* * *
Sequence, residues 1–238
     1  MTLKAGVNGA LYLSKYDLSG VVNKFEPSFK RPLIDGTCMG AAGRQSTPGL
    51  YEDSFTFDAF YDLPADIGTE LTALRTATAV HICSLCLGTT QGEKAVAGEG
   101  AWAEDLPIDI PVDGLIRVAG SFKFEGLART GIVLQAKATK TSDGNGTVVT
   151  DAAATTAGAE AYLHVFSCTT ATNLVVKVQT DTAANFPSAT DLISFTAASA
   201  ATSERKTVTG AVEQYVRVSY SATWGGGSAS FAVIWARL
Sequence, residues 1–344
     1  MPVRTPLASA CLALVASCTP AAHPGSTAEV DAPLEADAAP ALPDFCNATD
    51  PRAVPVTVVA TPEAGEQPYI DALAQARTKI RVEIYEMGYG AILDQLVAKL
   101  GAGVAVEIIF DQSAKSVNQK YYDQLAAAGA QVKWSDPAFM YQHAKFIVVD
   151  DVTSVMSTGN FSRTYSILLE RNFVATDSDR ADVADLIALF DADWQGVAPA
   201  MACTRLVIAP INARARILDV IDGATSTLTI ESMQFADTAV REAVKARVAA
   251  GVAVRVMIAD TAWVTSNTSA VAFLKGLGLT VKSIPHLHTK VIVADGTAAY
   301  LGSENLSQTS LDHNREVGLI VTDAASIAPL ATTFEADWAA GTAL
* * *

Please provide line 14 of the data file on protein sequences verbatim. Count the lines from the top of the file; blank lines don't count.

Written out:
   301  LGSENLSQTS LDHNREVGLI VTDAASIAPL ATTFEADWAA GTAL